How to Train a Foster Dog

If you’re fostering an adult or senior dog, they may not need much training. Puppies and younger dogs are another story. You might have to house train them, encourage them to rest in their crate, and teach them basic commands like sit, stay, down, and drop it.

Training takes patience and effort on your part, but it can help a foster pup’s chances of getting adopted. You should use positive reinforcement like treats and praise as you work on different behaviors. Reach out to the shelter if you need guidance.

How to Get a Foster Dog Adopted

Some shelters handle most of the marketing and community outreach needed to get a foster dog adopted, but they may ask you to help in specific ways. For instance, you might need to send them photos or videos of the dog for their website and social media accounts (check out these pet photography tips), bring the dog to local adoption events, or interview people who are interested in adopting them.

One advantage of fostering is that you can expose your foster dog to a wide range of potential adoptees. You can introduce them to friends and family in your home, stop and say hi to neighbors as you walk around the block, or talk with dog-friendly people at coffee shops or parks. You can also use your own social media accounts to spread the word.

Can I Adopt My Foster Dog ?

So, what happens if you fall madly in love with your foster dog and can’t bear the thought of saying goodbye? It’s not uncommon for dog foster parents to want their furry friend to become a permanent fixture in their family. Ask the shelter about their adoption policies before you take home a foster dog in case you end up in this situation.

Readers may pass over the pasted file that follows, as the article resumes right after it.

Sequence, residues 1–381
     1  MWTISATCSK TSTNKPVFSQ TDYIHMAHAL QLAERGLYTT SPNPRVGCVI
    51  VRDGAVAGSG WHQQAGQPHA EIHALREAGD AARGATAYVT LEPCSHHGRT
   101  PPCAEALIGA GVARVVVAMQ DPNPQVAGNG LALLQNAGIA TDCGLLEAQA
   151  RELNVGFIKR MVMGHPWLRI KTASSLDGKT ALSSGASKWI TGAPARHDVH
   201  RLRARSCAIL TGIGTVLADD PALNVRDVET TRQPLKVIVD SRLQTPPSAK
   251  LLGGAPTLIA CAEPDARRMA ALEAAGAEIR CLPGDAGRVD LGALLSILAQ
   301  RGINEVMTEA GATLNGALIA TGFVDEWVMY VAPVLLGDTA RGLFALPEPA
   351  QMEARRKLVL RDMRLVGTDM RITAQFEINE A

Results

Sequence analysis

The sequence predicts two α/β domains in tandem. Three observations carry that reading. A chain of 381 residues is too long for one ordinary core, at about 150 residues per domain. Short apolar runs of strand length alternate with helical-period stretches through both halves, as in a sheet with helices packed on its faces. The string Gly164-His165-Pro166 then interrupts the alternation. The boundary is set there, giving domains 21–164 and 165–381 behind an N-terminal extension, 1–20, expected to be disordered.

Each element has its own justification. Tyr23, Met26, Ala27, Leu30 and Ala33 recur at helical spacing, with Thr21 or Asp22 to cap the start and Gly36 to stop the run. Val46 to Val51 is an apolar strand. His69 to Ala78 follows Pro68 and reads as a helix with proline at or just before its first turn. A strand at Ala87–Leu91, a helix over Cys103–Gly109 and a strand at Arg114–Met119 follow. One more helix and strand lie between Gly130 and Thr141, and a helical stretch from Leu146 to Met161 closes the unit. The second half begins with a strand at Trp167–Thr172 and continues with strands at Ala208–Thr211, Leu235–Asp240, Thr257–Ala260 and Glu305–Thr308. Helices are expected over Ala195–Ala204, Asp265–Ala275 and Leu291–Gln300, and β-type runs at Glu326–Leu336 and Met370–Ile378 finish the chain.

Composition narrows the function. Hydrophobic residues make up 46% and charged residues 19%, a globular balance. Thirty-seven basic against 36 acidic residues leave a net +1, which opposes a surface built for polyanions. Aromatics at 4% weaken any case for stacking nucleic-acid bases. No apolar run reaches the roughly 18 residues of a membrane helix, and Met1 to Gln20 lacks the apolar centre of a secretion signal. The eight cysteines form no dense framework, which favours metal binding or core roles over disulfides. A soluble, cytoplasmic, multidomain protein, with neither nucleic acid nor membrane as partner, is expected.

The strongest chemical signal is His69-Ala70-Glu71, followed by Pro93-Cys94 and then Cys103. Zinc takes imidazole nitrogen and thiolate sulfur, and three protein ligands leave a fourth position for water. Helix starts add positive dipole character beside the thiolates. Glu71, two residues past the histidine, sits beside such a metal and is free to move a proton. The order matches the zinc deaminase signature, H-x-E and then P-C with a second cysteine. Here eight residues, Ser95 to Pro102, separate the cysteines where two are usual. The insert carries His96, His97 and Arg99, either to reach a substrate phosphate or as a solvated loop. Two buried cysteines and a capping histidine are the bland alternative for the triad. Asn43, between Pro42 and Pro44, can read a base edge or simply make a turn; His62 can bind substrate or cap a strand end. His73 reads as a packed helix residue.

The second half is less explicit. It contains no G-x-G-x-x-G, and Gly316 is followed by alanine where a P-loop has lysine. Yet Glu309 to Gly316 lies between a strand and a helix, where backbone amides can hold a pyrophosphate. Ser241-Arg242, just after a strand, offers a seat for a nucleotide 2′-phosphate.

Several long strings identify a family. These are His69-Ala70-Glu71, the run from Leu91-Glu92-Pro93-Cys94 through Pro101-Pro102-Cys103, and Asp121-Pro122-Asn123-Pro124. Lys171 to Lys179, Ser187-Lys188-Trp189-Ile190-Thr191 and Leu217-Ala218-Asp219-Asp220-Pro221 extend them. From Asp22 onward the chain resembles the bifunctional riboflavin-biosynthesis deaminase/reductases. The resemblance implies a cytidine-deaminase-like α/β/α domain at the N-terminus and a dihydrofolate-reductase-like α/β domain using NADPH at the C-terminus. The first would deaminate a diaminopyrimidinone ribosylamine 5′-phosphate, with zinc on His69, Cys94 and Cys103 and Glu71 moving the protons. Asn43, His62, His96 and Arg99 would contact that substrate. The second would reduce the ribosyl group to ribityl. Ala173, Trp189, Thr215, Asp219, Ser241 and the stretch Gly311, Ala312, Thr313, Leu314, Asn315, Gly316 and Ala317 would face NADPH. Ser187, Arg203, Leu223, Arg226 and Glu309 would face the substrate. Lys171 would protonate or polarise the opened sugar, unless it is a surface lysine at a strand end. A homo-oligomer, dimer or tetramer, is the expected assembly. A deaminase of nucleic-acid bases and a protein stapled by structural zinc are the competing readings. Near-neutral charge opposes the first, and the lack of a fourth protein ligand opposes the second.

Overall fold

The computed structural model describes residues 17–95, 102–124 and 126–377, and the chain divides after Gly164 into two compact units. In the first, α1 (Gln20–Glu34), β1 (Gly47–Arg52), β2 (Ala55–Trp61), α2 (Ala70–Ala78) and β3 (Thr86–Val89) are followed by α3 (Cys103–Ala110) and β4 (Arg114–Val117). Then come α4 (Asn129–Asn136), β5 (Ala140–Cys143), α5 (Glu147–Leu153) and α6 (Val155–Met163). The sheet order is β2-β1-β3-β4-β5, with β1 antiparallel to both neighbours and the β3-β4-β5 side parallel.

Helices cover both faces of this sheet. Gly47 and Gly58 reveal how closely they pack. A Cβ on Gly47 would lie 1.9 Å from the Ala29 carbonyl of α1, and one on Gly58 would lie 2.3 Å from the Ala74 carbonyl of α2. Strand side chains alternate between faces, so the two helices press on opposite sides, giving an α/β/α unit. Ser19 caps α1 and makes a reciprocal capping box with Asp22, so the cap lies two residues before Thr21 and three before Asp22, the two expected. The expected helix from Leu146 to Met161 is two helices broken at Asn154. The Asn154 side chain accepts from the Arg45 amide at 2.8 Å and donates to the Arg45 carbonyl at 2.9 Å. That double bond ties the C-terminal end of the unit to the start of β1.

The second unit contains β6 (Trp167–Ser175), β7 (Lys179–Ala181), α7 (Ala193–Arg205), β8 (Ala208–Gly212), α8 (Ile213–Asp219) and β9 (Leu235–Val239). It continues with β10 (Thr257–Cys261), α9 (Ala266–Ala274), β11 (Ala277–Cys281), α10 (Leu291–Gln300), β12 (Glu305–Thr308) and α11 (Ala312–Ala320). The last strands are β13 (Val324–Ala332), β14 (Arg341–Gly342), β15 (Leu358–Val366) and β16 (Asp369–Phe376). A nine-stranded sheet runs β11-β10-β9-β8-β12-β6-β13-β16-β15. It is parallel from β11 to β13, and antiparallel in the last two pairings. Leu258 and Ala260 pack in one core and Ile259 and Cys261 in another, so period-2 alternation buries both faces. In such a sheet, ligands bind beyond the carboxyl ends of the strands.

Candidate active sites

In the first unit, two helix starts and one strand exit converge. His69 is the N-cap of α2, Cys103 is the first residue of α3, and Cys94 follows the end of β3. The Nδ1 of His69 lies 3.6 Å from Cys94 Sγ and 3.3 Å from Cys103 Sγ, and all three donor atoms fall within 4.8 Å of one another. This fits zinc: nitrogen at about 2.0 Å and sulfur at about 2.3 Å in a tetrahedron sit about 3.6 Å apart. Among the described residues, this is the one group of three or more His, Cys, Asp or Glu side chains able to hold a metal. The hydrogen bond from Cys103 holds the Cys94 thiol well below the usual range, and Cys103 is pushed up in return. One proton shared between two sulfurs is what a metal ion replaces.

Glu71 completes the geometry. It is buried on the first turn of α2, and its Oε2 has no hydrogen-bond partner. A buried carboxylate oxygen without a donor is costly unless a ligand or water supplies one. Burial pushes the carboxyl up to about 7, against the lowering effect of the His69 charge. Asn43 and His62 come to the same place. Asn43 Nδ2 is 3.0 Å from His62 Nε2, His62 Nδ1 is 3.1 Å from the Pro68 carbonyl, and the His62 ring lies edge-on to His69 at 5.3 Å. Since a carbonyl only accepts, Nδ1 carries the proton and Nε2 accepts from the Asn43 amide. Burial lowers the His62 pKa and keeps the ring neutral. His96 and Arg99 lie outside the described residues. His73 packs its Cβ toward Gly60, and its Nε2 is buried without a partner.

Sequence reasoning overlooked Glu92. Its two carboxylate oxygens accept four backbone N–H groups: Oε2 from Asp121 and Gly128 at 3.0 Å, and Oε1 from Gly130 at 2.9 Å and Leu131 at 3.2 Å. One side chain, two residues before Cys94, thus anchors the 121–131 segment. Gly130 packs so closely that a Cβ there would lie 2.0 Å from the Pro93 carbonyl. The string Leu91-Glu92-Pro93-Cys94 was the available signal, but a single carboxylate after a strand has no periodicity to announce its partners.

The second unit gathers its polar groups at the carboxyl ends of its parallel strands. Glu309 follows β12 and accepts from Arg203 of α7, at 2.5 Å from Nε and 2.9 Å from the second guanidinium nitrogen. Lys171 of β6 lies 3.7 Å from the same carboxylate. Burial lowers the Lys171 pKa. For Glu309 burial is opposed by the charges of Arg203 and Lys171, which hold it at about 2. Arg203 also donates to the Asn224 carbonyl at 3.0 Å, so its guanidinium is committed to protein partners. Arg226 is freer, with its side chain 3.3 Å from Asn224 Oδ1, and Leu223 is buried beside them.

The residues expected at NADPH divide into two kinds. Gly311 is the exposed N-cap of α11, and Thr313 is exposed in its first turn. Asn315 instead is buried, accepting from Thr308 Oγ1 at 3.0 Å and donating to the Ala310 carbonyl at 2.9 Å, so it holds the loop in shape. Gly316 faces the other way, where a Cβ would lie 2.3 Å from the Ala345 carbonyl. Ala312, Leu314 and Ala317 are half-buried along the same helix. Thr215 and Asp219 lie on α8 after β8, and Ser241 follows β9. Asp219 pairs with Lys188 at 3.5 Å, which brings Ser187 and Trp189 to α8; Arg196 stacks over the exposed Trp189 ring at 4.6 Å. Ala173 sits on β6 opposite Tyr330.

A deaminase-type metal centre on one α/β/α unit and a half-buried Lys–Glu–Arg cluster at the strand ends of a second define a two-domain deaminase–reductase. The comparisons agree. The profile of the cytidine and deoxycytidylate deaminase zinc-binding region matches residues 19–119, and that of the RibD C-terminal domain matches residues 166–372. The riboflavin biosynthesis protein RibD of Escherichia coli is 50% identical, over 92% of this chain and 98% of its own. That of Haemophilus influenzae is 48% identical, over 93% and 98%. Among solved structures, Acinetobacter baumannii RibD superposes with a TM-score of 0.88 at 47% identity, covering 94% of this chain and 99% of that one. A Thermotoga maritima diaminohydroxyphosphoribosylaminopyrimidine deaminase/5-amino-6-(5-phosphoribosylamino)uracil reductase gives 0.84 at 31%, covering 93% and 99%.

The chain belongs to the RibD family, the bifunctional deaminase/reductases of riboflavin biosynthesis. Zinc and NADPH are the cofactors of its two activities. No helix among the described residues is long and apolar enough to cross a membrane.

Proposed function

Keep in mind that the downside to adopting your foster dog is that you probably won’t be able to take in another foster. It’s wonderful that you’ll be giving your foster dog a loving home, but it also means one less resource for the shelter.

Adopting a dog means taking on the costs of care, including their veterinary bills. Find out how pet insurance can help you manage those expenses.

How Long Do You Foster a Dog?

The length of time depends on the shelter’s program and the dog’s situation. Some programs want you to commit to a set amount of time, such as 6 to 8 weeks. If the dog is too young to adopt or getting over a health condition, you may need to foster them until they reach a certain age or stage of recovery.

Will My Foster Dog Miss Me?

Will my foster dog think I abandoned him? Will she be upset without me? Those are common questions for anyone thinking about parting with their foster dog. After weeks or even months of caring for a dog, it’s normal to have mixed feelings about saying goodbye.

While you may miss each other at first, rest assured you’ll both adjust in time. It’s helpful if you had a chance to meet the adoptive family beforehand. This way, you can picture your foster dog living a happy and healthy life with their new pack.

Remember, you’ve done something wonderful by fostering a dog. And maybe now you have space in your home to perform the same service to another dog in need.

gray tabby cat with big blue eyes resting on a womans lap

Quiz: Should I Foster a Cat?

Try this short quiz to see if taking in a foster cat will make your motor run. Give yourself 1 purr for yes and 0 for no.

Do you have experience caring for cats?

Yes (1 purr) or No (0 purrs)

Are you up for responsibilities like feeding them a healthy diet, making sure they get enough exercise, and scooping the litter box?

Yes (1 purr) or No (0 purrs)

Are you open to loving cuddles together on the couch?

Yes (1 purr) or No (0 purrs)

Tally your score for your answer:

3 purrs: It seems like you’re ready and able to bring a foster cat into your home. Reach out to a local shelter to find out more about the process.